Have you reviewed your mediation techniques lately? Let’s take a few minutes to go over a list of practical considerations from Jill Goldenberg Schuman, a mediator, arbitrator and lecturer in family law. Here are some reminders she included in her recent CME for Family Mediators program:
Practical Considerations in Family Law Mediations:
- Call attorneys in advance to obtain a better understanding of the case and/or determine preliminary issues.
- Consider staggering start times.
- Consider giving back up dates.
- Review statements in advance. Develop a mediator’s strategy but be careful not to push what you believe is the best solution right off the bat.
- If you have marital balance sheets or information in advance of the mediation, create a comparison so the attorneys and their clients can readily identify the disparities in their numbers. Just the other day at the conclusion of mediation we realized that one attorney’s number included several accounts so there was double dipping. It allows each attorney to look at their sources and offer corrections.
- Be Patient.
- Listen- repeat back if necessary to make sure you have it right
- Problem Solve- do not just carry offers back and forth- offer solutions. I have a tip sheet for some that have arisen.
- Be compassionate.
- Be open to learning- allow an attorney or a party to educate you on an area.
- Bond with the attorneys and parties. They need to trust and respect you.
- Identify each party’s goal and priorities of goals early on in the day.
- If having a hard time- go off “balance sheet” – ie, itemize what each side is getting.
- Explore realistic settlement with the attorneys and parties based on the competing spreadsheets. Taking in an offer of 80% on a spreadsheet that is way higher without justification doesn’t make sense.
- Brainstorm with the attorney and his or her client to keep them engaged. Allowing them to just say no or offering criticism will not assist in getting it resolved.
- If you think the offer will not fly in the other room, ask for a basis for their offer so you can offer an explanation if asked when delivering the offer.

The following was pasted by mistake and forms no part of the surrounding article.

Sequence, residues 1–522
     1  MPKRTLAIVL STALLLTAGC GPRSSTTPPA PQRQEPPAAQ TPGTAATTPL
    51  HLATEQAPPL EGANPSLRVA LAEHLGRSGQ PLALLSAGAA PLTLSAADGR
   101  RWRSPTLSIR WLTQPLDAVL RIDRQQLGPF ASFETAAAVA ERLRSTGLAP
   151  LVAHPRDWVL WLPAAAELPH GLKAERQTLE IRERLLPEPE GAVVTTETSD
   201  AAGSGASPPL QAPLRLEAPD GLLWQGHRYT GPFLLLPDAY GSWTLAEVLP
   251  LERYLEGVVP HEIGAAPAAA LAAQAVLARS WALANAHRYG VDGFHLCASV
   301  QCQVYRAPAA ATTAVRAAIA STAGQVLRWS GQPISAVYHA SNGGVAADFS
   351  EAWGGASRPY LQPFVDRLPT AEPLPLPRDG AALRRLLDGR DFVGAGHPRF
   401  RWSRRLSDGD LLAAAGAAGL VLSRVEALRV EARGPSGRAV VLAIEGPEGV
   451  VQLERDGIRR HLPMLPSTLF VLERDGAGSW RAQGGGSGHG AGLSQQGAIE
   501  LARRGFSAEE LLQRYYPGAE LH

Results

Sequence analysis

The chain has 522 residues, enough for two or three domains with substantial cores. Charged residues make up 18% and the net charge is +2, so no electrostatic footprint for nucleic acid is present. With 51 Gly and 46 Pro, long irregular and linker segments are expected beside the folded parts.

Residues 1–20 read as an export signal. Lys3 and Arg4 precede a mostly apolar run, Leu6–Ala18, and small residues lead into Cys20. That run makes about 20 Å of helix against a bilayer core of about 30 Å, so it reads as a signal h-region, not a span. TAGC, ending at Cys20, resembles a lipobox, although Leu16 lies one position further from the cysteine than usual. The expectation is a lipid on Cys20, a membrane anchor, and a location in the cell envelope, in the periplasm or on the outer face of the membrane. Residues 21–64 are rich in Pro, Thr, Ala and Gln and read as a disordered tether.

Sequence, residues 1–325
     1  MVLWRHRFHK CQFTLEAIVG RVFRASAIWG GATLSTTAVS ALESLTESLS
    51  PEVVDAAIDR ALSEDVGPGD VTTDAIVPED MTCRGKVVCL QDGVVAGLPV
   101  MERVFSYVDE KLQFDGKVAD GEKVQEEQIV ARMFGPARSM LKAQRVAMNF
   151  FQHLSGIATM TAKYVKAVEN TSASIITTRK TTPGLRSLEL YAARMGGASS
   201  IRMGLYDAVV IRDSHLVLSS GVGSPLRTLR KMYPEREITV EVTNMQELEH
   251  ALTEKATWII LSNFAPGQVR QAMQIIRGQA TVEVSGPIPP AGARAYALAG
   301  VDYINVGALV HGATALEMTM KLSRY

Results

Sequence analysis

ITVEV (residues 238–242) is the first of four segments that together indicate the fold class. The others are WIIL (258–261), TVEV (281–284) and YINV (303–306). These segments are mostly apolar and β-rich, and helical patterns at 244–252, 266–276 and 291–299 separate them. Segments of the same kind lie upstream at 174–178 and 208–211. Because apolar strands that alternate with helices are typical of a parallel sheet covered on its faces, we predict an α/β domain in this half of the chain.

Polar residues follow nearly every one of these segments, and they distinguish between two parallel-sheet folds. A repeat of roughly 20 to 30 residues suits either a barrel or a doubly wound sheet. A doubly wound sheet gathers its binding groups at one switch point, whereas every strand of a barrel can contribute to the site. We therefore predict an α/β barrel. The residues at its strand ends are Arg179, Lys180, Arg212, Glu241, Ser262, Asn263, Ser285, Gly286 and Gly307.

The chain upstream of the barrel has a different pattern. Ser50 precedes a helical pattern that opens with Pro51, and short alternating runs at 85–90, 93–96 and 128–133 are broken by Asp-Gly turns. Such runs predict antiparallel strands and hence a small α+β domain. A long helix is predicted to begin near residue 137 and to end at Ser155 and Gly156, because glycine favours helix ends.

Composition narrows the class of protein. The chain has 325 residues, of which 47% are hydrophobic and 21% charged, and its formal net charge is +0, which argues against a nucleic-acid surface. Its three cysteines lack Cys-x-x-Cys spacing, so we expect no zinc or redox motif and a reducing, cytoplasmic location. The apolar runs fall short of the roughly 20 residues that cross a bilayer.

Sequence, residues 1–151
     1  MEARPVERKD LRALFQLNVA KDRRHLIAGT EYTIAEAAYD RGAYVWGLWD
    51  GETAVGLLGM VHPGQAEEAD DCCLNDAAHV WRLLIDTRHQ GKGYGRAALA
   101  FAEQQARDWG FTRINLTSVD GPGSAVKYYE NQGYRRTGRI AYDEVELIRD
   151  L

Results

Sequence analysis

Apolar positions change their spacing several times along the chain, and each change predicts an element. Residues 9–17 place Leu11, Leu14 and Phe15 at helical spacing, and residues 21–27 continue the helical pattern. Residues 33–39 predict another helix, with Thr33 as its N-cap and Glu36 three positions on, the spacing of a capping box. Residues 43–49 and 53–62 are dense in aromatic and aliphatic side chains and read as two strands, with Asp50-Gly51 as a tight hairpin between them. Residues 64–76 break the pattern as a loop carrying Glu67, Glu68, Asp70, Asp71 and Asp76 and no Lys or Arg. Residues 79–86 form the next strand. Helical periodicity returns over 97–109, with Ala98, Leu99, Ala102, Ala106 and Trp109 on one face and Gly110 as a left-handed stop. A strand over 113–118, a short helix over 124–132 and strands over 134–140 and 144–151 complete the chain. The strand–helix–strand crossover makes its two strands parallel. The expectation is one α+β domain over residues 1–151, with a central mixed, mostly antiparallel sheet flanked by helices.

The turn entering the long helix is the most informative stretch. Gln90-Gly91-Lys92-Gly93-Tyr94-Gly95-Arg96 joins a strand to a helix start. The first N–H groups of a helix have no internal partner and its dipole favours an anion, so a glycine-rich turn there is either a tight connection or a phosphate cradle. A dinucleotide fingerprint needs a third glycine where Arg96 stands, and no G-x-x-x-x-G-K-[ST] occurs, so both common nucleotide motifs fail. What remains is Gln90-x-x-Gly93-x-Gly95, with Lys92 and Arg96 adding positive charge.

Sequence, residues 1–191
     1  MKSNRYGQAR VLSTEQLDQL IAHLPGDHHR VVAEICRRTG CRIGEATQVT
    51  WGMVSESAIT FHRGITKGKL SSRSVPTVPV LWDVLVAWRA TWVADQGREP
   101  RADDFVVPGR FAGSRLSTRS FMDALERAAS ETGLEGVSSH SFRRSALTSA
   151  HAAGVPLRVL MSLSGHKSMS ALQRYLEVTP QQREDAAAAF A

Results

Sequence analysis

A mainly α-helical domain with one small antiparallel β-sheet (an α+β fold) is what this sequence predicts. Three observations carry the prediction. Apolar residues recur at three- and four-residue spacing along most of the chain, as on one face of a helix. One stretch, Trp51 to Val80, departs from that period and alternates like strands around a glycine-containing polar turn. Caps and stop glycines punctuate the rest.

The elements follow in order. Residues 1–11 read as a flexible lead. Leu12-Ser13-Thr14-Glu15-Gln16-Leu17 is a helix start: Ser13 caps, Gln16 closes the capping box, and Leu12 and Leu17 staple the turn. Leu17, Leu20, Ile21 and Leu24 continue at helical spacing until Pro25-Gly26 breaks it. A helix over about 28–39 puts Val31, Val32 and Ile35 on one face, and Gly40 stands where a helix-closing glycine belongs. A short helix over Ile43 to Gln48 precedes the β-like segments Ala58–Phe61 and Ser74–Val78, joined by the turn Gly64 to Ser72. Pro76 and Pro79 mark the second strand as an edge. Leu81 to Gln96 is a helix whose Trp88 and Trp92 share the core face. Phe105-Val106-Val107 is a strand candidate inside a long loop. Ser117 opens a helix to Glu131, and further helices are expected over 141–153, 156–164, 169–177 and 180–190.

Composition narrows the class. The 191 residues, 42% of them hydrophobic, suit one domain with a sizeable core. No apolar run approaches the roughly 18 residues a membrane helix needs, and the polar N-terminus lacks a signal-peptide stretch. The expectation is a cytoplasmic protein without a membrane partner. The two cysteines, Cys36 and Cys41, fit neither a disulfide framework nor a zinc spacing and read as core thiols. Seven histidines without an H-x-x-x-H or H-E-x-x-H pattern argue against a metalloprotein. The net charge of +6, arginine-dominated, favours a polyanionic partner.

- Do not allow yourself simply to be a conduit of negative information.
- Don’t reveal a confidence learned in caucus without permission. If you think you might want to use something later – ask if you can use it if the time becomes appropriate.
- Check in periodically with the other room if you are in one room for an extraordinary amount of time
- Remind parties periodically that mediation empowers them and that they are in control of the outcome.
- Explore financial considerations of going to trial. (Not just attorney fees and litigation costs but explore carrying costs- ie, what a person is paying each month— how long they will pay it before the likelihood of a court order).
- Suggest calls to experts such as accountants/HR department/bank.
- Help the parties see the positive aspects of where they have come each pass.
- Don’t report anything to the Court other than settlement or no settlement.
2.7(E) says that within 10 days a mediator shall submit to the court without comment and without recommendation a report of the mediation status- i.e., was it settled/didn’t settle/partially settled or rescheduled as still going. WITH THE CONSENT OF THE PARTIES the mediator’s report may also identify any pending motions or outstanding legal issues, discovery process, or other action by any party, which, if resolved or completed, would facilitate the possibility of settlement.
The road to resolving conflicts in family mediations can be bumpy. I hope these reminders from Jill Goldenberg Schuman help to keep you rolling more smoothly. For additional information the e-publication for “CME for Family Mediators” includes Jill Goldenberg Schuman’s training along with other outstanding instructions from our family law expert panel.
About our Law Tips faculty participants:
Jill Goldenberg Schuman, Cohen, Garelick & Glazier, Indianapolis, concentrates in the areas of family law and alternative dispute resolution. Ms. Goldenberg Schuman received her B.S. in business from Indiana University in 1990 and her J.D. from Boston University School of Law in 1993. She is certified by the Indiana Certifying Organization of the Indiana Bar Association as an Indiana Certified Family Law Specialist. She is also a registered domestic mediator. Jill is a lecturer in various family law and alternative dispute resolution topics for ICLEF.
About our Law Tips blogger:
Nancy Hurley has long-standing connections with Indiana lawyers. She was formerly a member of the ISBA and IBF staffs for over 30 years. Nancy’s latest lifestyle venture is with ICLEF. We are utilizing her exceptional writing and interviewing skills while exploring how her Indiana-lawyer background fits with ICLEF’s needs. When she isn’t ferreting out new topics for Law Tips, her work can be found in our Speaker Spotlight blogs, postings on the ICLEF Facebook and Twitter pages, and other places her legal experience lends itself.
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